'Racism row' over east Belfast posters

Published Tuesday, 08 April 2014
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Posters regarding employment for "local people" have sparked concerns over racism and counter-claims of unfairness in terms of job opportunities, after they appeared in east Belfast.

'Racism row' over east Belfast posters
The posters appeared in east Belfast, but it is not clear who produced them. (© Pacemaker)

The posters ask a series of questions, including why "outside labour" is being used instead of local skilled workers and why "hundreds of overseas workers" are being employed on higher wages.

They are headed with the message: "What happened to the agreement on local jobs for local people?"

Alliance MLA Anna Lo has branded the posters as racist and demanded that they be taken down.

It is deeply worrying that these posters have appeared in parts of Belfast ... I would like to tell whoever is responsible that their messages of hatred are not wanted.

Anna Lo, Alliance

"I am appalled by these posters. They are giving out misinformation at a time when ethnic minorities' concerns are already heightened following recent racist attacks," Ms Lo said.

"Racism has no place in our society."

According to UKIP's leader in Northern Ireland, the posters are due to east Belfast residents being "deeply distressed that 500 foreign workers are being employed building oil rigs in Belfast harbour".

David McNarry added that there were also concerns that 24 local workers had lost their jobs to foreign workers who were allegedly being paid at a higher rate than their predecessors.

"I have been contacted by exasperated and annoyed local residents who say that Alliance slurs of racism are falsehoods," he said.

All local people want is fairness in employment opportunities. Are foreign workers being employed at the expense of locals?

David McNarry, UKIP

UUP MLA Danny Kinahan has said that "scapegoating" foreign workers is not the answer to concerns about employment and the economy.

"We have to be very careful when bandying about words like racism, but I am in no doubt that those behind the poster campaign are not doing so with good intentions," he said.

"At a time when we are trying to come to grips with the major challenge of educational failure in working class areas, these sort of rows do no one any good whatsoever."

Workers Party representative Kevin McNally said there was "absolutely no justification" for the posters, which he called "racist and dangerous".

He has called for Mr McNarry to withdraw his remarks on the subject, adding: "It is important that they (the posters), and the people who produced them, are condemned without reservation and that anyone who does seek to justify them is confronted and denounced."

Mr McNarry asked Enterprise Minister Arlene Foster about this issue at Stormont on Tuesday.

The DUP minister replied: "Of course, we are very aware that when companies come to Northern Ireland - I am talking now from a foreign-direct-investment point of view - they will, on occasion, bring people with them to embed the new company in Northern Ireland.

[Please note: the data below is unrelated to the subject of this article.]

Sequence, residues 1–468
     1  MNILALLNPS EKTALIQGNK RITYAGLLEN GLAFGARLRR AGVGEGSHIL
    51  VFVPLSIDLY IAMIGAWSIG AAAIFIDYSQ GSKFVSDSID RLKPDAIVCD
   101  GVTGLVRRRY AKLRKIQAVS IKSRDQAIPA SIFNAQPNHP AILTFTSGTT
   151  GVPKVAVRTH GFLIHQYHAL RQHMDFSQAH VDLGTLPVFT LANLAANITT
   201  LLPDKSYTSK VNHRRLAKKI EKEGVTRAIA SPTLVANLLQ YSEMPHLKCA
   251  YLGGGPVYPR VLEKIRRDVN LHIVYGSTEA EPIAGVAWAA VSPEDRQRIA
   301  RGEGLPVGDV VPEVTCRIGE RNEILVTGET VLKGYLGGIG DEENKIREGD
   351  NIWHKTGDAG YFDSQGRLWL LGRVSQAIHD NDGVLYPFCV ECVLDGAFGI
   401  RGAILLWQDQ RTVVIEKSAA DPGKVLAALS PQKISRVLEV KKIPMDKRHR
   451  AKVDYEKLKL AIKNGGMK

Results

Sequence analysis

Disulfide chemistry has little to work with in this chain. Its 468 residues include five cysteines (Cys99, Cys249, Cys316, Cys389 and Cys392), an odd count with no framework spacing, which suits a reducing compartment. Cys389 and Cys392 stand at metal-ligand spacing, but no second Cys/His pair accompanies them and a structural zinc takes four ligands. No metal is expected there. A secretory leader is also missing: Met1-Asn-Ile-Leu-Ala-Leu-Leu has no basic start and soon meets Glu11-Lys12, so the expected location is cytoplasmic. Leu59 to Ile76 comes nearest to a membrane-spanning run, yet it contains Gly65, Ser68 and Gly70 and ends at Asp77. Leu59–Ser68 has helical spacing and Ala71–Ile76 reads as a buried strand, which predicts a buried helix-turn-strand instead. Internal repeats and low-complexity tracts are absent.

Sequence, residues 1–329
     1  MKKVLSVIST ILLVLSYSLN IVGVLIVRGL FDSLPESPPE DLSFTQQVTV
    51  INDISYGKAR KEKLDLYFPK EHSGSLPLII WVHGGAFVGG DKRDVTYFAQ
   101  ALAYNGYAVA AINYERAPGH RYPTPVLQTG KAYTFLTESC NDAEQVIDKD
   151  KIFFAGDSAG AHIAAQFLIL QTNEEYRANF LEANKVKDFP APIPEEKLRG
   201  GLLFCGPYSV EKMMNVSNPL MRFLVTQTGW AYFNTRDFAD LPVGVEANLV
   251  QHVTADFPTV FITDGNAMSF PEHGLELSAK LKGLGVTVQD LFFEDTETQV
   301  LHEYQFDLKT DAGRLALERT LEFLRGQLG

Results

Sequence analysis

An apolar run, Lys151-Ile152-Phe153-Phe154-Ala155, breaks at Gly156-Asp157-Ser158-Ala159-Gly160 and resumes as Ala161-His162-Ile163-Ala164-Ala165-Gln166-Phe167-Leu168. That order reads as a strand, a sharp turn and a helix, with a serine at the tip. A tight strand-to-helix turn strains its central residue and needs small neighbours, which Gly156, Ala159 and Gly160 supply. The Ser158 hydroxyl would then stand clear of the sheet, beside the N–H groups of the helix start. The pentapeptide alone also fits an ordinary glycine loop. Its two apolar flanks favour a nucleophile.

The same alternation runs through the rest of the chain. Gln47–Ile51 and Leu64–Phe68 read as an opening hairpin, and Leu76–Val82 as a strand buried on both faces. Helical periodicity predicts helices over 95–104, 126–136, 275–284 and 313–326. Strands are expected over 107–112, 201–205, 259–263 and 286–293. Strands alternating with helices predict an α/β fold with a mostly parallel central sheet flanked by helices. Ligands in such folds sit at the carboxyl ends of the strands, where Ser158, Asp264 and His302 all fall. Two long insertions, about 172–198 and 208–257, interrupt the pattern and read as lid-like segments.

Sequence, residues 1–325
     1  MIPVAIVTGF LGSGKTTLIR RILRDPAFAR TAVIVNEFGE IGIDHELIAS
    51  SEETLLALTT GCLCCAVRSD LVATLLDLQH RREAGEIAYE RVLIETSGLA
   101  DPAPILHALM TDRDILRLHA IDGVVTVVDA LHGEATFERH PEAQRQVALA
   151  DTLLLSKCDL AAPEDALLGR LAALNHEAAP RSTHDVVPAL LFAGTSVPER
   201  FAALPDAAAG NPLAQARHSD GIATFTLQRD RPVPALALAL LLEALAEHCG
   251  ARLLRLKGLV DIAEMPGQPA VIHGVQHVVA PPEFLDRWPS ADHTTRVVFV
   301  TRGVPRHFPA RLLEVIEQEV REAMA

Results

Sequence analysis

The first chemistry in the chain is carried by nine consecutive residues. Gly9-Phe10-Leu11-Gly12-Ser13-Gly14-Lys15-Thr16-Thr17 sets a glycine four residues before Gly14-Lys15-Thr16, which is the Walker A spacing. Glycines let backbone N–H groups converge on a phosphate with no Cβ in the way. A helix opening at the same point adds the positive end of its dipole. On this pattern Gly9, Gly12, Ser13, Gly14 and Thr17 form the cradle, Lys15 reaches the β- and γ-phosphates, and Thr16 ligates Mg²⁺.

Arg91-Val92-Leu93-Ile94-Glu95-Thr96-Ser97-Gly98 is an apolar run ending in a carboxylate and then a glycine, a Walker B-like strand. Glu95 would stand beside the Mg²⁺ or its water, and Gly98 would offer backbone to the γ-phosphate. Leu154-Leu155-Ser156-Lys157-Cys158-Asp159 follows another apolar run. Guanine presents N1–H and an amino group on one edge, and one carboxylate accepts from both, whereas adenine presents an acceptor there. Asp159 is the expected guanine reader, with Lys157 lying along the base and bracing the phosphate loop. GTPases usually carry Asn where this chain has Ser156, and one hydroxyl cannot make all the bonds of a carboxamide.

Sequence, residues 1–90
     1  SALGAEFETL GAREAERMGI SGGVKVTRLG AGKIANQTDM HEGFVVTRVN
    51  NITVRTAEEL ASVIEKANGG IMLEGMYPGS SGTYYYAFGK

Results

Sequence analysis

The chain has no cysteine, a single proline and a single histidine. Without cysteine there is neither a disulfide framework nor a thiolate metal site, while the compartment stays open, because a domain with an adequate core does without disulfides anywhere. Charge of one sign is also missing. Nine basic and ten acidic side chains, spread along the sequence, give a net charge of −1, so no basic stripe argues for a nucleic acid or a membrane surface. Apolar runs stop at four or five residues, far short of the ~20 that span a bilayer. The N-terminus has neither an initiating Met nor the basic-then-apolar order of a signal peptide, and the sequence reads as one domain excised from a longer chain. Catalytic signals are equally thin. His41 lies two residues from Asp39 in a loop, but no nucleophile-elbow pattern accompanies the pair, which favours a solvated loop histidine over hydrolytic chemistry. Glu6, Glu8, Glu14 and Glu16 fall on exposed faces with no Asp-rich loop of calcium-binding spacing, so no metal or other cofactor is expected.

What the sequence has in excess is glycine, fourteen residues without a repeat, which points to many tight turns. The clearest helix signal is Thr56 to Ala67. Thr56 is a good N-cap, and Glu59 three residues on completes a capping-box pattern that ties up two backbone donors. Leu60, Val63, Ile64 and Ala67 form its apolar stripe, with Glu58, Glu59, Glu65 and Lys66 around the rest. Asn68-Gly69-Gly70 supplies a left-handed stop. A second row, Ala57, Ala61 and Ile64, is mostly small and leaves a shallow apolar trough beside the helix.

"It is wrong for us to say that we want jobs in Northern Ireland only for Northern Ireland people.

"We want people to come to Northern Ireland and share their skills and experiences with us here in order to build up our workforce so that we can be competitive and global.

"It is wrong to say that we are interested only in jobs here for people from Northern Ireland."

© UTV News
Comments Comments
36 Comments
ULSTERFRY in The pan wrote (227 days ago):
Bats in Bangor, totally agree about your skills comments. If the locals dont have the skills why dont they get up off there behinds and set about getting the skills. Local people who have the skills should be looked after first if they are qualified to do the job.
Darren in Belfast wrote (228 days ago):
Vote UKIP and we can change that in 2017.
Dee in Newtownabbey wrote (228 days ago):
Great article about this by the unionist commentator Alex Kane in today's Irish News. This is the kind of leadership that the unionist community should be following, supporting and encouraging and not the entrenched, inward-looking policies of political unionism which have led to the PUL community, and especially the working class, into the sectarian logjam that they currently find themselves in.
Michael in Templepatrick wrote (229 days ago):
The reason foreigners are being employed is because (a) they're probably not useless and perhaps even qualified for the job and (b) they're probably not lazy either, i.e hard working. If those in east belfast who want to spend their time sitting about on benefits complaining about their heritage being eroded or obsessing over a flag then they should really wind their own neck in! No one likes a racist or a xenophobe.
Boru in Ireland wrote (229 days ago):
If the posters aren't denigrating Africans, Asians, Europeans, Poles, Irish people('Catholics') then I fail to see how the posters can be labelled 'racist' -- anyway, you can't expect a job to be automatically given to you (like in the 'good ol' days') just because all your uncles and your Da, and your Da's Da and his Da worked in the shipyard.
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